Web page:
Pepper Growing Tips
Be careful with nitrogen when preparing your planting holes, as overfed peppers produce lush foliage but few fruits. Use a high-nitrogen fertilizer only if you're growing peppers in poor soil.
In cool climates, use black plastic mulch in addition to row covers to create warm conditions for peppers. In warm climates, use shade covers during summer to reduce sunscald damage to ripening peppers.

Provide stakes or other supports to keep plants upright as they become heavy with fruits. Cover surrounding soil with a mulch of clean straw or grass clippings so ripening peppers don't come in contact with soil, which can cause them to rot.
Always wear gloves if handling hot peppers, and avoid touching your eyes or nose. If you do handle hot peppers bare-handed, immediately scrub hands with soap and warm water, rub them vigorously with coconut oil, then wash them again.

Pepper Pest and Disease Prevention Tips
Tobacco etch virus (TEV), cucumber mosaic virus (CMV) and potato virus Y (PVY) can infect peppers grown in warm climates. Transmitted by thrips and aphids, these viruses cause leaves to become thick, crinkled or narrow and stringy.
Margined blister beetles may suddenly appear in large numbers in midsummer, especially in warm climates. These large beetles are black with gray stripes, and they devour pepper foliage. Handpick beetles, making sure to wear gloves to prevent skin irritation.  

Pepper weevils can also be a serious problem in warm climates. Clean up fallen fruit daily to interrupt the life cycle of this pest, and trap adult pepper weevils with sticky traps.
 Diatomaceous Earth is another great Organic solution to pest control.
DE kills aphids, white flies, beetles, loopers, mites, snails, slugs, leaf hoppers, and harmful pests. Sprinkle DE around the base of the plant as well as on the leaves. 

Companion Planting for Peppers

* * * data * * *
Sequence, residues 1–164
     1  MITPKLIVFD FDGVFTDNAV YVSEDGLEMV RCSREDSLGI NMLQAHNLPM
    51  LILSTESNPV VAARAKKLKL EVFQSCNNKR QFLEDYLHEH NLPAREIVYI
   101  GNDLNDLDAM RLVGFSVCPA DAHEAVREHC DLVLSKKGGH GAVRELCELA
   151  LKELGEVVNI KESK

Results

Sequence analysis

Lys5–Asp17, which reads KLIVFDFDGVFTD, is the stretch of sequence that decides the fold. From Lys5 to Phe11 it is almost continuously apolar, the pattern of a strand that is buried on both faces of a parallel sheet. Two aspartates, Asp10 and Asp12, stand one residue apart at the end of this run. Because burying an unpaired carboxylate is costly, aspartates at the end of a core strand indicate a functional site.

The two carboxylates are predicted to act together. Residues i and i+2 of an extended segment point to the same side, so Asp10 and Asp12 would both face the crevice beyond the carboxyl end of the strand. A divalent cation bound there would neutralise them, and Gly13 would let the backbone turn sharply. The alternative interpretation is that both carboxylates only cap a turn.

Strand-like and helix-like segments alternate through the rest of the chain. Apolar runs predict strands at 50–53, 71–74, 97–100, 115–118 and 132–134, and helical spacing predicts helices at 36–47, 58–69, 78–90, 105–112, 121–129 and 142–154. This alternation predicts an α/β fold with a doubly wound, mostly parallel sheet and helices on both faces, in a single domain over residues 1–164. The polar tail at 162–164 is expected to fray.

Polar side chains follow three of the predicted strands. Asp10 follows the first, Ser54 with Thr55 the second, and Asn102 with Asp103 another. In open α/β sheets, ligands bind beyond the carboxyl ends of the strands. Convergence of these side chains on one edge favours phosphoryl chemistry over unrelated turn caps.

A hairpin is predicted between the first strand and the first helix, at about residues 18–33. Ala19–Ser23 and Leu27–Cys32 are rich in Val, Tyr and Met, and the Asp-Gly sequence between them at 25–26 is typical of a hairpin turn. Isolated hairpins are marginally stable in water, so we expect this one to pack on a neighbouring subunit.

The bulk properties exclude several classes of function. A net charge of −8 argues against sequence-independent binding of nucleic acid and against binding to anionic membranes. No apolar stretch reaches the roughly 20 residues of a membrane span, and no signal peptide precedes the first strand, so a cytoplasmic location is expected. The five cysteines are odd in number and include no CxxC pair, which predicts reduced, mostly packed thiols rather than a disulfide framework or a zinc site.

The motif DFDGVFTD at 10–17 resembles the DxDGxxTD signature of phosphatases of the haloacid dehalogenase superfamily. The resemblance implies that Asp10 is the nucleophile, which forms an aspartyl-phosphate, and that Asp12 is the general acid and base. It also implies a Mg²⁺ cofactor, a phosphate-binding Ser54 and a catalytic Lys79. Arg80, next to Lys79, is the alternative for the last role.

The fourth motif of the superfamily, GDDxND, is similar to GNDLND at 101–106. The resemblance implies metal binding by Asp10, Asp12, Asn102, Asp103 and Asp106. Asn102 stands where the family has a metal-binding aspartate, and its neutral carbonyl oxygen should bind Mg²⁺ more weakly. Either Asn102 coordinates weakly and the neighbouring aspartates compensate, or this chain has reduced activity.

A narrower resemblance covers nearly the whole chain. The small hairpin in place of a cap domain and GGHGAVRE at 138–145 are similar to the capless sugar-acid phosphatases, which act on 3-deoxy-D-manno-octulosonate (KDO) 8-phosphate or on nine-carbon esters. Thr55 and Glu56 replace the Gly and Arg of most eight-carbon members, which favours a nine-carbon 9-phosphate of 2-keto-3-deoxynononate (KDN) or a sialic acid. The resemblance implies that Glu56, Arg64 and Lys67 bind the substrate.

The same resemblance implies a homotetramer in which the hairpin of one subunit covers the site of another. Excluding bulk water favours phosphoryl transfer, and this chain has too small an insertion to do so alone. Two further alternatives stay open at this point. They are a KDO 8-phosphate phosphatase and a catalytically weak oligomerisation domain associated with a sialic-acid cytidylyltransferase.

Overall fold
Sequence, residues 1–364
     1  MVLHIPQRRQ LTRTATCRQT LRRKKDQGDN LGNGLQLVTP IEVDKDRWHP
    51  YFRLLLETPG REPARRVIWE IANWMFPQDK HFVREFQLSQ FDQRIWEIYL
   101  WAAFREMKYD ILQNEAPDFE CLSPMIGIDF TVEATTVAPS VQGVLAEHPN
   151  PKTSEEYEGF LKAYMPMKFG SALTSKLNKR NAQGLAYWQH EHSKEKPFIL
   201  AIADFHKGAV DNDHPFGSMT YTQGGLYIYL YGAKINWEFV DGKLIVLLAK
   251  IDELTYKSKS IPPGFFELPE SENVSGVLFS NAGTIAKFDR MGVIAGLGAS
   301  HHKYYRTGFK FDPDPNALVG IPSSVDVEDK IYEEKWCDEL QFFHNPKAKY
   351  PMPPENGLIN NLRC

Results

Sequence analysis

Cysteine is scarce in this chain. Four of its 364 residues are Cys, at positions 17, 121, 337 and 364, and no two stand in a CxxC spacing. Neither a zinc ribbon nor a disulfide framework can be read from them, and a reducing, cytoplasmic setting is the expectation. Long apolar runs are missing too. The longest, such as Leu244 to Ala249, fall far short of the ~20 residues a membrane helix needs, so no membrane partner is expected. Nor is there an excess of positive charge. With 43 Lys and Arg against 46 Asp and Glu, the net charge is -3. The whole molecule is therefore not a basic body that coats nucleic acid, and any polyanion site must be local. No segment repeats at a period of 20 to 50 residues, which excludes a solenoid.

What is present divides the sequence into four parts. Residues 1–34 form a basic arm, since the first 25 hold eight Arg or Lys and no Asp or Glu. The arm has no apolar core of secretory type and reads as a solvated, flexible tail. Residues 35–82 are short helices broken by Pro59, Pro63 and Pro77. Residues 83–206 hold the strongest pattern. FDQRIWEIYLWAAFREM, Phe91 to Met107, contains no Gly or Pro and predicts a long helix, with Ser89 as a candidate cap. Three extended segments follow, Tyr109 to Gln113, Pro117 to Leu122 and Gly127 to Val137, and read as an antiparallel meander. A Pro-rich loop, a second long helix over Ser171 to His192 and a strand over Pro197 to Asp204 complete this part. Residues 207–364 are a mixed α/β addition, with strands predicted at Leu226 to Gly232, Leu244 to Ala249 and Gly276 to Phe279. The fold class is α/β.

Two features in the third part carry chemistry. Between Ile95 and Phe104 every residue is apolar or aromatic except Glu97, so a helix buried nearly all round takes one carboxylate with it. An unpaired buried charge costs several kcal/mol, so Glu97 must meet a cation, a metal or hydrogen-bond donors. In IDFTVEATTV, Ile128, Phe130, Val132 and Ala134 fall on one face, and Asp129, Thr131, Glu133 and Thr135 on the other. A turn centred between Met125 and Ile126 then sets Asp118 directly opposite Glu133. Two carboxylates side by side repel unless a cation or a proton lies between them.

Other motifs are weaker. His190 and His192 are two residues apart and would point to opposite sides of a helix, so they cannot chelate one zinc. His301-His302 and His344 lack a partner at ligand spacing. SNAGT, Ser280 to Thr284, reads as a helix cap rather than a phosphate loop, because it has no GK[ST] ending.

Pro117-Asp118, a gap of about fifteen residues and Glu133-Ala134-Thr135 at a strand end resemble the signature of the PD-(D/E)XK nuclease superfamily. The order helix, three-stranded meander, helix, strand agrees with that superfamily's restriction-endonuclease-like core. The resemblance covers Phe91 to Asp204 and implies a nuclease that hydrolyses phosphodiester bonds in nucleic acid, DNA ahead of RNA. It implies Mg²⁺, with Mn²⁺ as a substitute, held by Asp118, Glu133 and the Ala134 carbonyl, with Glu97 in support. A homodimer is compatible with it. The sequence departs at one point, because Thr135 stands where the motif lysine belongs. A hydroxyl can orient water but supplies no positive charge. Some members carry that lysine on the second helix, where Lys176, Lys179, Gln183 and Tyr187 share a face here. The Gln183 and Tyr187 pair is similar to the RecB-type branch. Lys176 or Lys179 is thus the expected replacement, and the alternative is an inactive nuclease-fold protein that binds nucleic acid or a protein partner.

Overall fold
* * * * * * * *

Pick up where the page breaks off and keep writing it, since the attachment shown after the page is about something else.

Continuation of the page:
Tomatoes, parsley, basil, geraniums, marjoram, lovage, petunia and carrots. Onions make an excellent companion plant for peppers. They do quite well with okra as it shelters them and protects the brittle stems from wind.
Chili peppers have root exudates that prevent root rot and other Fusarium diseases. Plant anywhere you have these problems.
Hot peppers like to be grouped with cucumbers, eggplant, escarole, tomato, okra, Swiss chard and squash. Herbs to plant near them include: basils, oregano, parsley and rosemary. Never put them next to any beans, broccoli, cabbage, cauliflower, Brussels sprouts or fennel.  
Serrano peppers in the front and back, surrounded by Green and Purple Basil
Sharing Here and Wildcrafting Wednesday

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DIY Organic Pest Control recipes

Good Morning!!!  I had an absolutely amazing weekend at the Yellow Green Farmer's Market.  I had an opportunity to present Edible Gardening information as well and GMO VS. Heirloom Seeds info both Saturday and Sunday.  I'm working on a post that will share all of the info (and include pics).

Below are some of the DIY Organic Pesticide recipes that I shared over the weekend.

#1 Food Grade Diatomaceous Earth!  No preparations necessary!